Advance Review Copy
The Emperor is enraged. Primarch Magnus the Red of the Thousand Sons Legion has made a terrible mistake that endangers the very safety of Terra. With no other choice, the Emperor charges Leman Russ, Primarch of the Space Wolves, with the apprehension of his brother from the Thousand Sons home world of Prospero. This planet of sorcerers will not be easy to overcome, but Russ and his Space Wolves are not easily deterred. With wrath in his heart, Russ is determined to bring Magnus to justice and bring about the fall of Prospero...http://blacklibrary.com
Review:First off, I'll explain my bias. I loathe Space Wolves. Always have. I've always felt they were oversimplified Space Vikings. Thick-necked killers one step away from being khornate bezerkers. The way they were portrayed seemed lame. Why? Because I spent a decade researching and studying Migration Period cultures of Western Europe and *MY* view of the Germanic and Norse cultures was that they were SO much more than simple killers, rapists and pillagers. Seen through the looking glass of their contemporaries they were fantastically deep cultures and I thought that Space Wolves, loosely based upon them, completely missed that point. In addition, I've always been a Thousand Sons fan and I found Graham McNeill's companion to this especially moving.
Add to this that Dan Abnett, like any other author does not hit a home run every time at bat. Don't get me wrong, I still think Dan Abnett is a rockstar of an author and one of the top 3 authors at Black Library, but I feel that some of the stories published have lost a bit of the Cold, Dark and Grimness of the 41st millennium and begun to take an almost superheroic bent (This is understandable in any long running series of course). What I mean is that while Mr. Abnett's Horus Heresy Novels have been stellar, I think the Gaunt's Ghosts and even Ravenor series seem almost four-color in comparison*. Heroes that are HEROES and do almost nothing wrong, make all the right decisions, moral compasses that always point true north and the mistakes they make are so minor that they are oversights instead of true flaws. My wonder was whether Prospero Burns would be along the lines of Gaunt's Ghosts/ Ravenor or the lines of Legion or Eisenhorn where the protagonists delved deeply in the realms of grey and moral ambiguity.
Let me start off by saying my worries were misplaced completely.
As soon as I started reading Prospero Burns I was witness to a scene that was told in a manner that could have been orally explained by a skald by a fire in a longhouse in ancient Jorvik. Dan Abnett's wording, pace and the way he describes the dialog is perfect. The reader has no choice but be transported to a different place, a different time. You're no longer just reading a book, but you are immersed in a way that I have never seen or experienced before.
There are many brilliant dialogues and as the protagonist awakens and explores, so does the reader. This is deftly handled, as usual. Each of the characters is brilliantly defined. They are all imperfect in a way that I think only Astartes can be. The verbal banter between characters, especially the Vlka Fenryka is so appropriate in comparison to the real-world Norse analog. Same with many of the simple beliefs, mannerisms, little bits of superstition. Aside from being a Warhammer 40,000 story of the Space Wolves, it would be an awesome sci-fi alternate history novel for folks in to that sort of thing. I can't believe how well Dan Abnett really nailed it. Mr. Abnett has absolutely NAILED the perfect vibe for Sixth Legion.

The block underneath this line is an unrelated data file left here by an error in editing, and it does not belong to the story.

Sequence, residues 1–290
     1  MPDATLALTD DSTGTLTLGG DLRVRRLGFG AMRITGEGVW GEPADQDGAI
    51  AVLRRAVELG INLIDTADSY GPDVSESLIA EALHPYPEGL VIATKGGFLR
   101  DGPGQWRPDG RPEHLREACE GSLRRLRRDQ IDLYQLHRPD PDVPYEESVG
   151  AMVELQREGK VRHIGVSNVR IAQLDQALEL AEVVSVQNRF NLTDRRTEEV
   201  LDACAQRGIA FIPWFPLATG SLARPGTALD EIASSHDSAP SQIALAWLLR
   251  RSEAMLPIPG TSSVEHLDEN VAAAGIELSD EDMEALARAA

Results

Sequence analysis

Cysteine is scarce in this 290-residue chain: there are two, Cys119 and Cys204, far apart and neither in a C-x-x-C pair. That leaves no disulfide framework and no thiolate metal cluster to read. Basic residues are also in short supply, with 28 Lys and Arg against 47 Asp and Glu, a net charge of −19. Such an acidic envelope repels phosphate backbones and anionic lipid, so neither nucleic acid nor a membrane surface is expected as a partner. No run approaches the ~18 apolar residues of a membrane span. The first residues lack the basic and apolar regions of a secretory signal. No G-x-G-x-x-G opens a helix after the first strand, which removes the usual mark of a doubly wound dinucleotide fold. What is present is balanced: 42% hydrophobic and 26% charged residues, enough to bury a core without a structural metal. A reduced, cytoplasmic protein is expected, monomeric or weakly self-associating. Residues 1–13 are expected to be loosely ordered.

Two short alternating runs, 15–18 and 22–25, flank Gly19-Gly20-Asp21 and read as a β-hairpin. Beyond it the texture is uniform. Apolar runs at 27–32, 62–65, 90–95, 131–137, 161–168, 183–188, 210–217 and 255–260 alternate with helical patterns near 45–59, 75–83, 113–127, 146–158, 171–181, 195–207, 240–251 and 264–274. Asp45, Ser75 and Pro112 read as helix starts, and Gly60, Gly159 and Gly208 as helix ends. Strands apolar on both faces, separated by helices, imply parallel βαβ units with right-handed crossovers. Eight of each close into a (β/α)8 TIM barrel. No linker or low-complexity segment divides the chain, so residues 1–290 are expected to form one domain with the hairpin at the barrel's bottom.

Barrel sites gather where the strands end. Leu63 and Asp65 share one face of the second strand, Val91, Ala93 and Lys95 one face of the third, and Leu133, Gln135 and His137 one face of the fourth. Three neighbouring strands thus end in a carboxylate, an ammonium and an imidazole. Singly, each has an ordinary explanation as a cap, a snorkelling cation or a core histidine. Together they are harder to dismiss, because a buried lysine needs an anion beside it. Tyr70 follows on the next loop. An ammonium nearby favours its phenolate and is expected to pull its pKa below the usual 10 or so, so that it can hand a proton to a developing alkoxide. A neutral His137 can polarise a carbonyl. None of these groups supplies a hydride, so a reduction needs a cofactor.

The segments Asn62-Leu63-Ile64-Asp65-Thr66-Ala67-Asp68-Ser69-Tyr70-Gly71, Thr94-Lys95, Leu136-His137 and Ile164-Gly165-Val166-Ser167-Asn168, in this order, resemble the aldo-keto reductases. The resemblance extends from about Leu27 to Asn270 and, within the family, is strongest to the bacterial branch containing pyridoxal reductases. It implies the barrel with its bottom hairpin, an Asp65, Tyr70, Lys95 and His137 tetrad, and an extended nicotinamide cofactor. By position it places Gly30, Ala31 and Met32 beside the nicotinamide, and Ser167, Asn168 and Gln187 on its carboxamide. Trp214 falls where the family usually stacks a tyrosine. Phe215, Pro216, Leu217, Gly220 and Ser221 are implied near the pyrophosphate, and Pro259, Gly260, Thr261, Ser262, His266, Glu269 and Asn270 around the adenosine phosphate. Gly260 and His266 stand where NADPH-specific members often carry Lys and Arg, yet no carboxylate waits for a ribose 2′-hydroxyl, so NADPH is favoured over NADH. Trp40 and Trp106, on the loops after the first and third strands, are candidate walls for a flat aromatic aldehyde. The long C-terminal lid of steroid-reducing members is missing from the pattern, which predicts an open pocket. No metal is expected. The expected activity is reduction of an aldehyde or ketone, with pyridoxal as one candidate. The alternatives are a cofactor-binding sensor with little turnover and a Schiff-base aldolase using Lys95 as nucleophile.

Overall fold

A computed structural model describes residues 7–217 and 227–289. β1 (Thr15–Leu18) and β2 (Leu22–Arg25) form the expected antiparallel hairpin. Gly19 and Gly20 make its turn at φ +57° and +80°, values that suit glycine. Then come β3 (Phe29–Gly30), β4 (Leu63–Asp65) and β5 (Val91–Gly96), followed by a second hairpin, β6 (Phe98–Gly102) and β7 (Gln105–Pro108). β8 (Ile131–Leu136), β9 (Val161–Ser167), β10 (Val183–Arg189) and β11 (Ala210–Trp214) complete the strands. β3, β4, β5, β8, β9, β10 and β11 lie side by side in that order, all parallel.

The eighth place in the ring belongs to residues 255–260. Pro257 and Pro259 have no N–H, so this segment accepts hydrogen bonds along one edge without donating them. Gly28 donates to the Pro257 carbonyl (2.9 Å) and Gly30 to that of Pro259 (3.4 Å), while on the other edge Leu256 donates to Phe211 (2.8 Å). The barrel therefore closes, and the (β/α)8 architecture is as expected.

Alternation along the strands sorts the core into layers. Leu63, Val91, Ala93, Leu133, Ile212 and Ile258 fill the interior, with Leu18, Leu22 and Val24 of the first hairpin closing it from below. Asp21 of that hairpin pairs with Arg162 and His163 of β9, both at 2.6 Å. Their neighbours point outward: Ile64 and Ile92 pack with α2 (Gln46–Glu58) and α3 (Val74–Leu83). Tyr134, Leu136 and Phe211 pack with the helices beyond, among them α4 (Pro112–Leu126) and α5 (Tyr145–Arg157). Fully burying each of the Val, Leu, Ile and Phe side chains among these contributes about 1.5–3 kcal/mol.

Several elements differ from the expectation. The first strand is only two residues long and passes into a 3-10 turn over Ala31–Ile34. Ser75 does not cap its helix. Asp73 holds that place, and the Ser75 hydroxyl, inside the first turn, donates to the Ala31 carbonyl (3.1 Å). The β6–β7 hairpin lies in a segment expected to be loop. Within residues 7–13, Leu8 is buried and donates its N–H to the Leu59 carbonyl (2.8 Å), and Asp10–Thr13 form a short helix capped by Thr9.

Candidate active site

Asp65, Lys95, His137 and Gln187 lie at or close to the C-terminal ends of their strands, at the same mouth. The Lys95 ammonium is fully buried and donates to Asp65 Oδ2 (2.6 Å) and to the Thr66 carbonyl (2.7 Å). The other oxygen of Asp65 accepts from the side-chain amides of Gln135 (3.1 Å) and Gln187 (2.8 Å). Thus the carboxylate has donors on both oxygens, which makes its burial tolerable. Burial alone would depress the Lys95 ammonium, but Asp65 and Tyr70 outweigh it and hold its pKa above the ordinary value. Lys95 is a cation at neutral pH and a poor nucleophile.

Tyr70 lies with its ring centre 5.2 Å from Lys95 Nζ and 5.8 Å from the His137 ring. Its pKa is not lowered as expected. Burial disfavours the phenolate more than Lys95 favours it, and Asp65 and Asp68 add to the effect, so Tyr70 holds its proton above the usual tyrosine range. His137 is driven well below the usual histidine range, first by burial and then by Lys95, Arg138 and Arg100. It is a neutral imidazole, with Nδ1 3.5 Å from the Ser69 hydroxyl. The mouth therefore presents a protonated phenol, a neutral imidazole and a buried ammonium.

The novel follows the protagonist, aptly named Kasper Hawser who comes to Fenris to learn of the Wolves of Fenris. He is a unique man and interesting in many ways that is detailed over hundreds of pages. As he learns of the Vlka Fenryka so does the reader. As he gets pulled in to the plot...so does the reader. Most importantly you learn about why the Sixth Legion exists, and it is a grim purpose, exposed through direct witness to how they carry out their role in the Great Crusade.
The events of the Great Crusade unfold on through the Council of Nikea and soon after to the razing of Prospero. To be frank, Prospero is the end of the book and only takes maybe a hundred pages tops. We know what happens at Prospero. Dan Abnett is not one to dally over long on battle-porn. His battle scenes are poignant, direct, and have a point.
There are some brilliant plot twists and reveals that catch you sideways as well as characterizations that will surprise you. My initial fears and prejudice were GROSSLY off the mark.
The cover art by Neil Roberts is as always glorious.
In summary, it's a brilliant novel. A PERFECT counterpoint to Graham McNeill's A Thousand Sons. The author is able to grab the reader, pull them IN to the story, drag them through the muck, and blood, burn their eyebrows off, then neatly tuck them in to bed at the end. It's really genius storytelling. Dan Abnett is truly a master at his craft.
5 out of 5 Stars.
*Don't get me wrong. While I feel that Gaunt's Ghosts and Ravenor (among others) may not have the same dirty, hopeless, grim feel, they are still fantastic novels. I don't think I've read a Dan Abnett book I didn't like. The above listed novels admittedly have some of the characters I love the most in them. I don't consider myself a "Fan" of any writer per se, but I certainly respect the skill of the authors to make me think, second-guess and outright change my prejudices as well as pull my emotional strings...and Mr. Abnett is a master at this, regardless of the "appropriate tone" (in my own opinion) or not.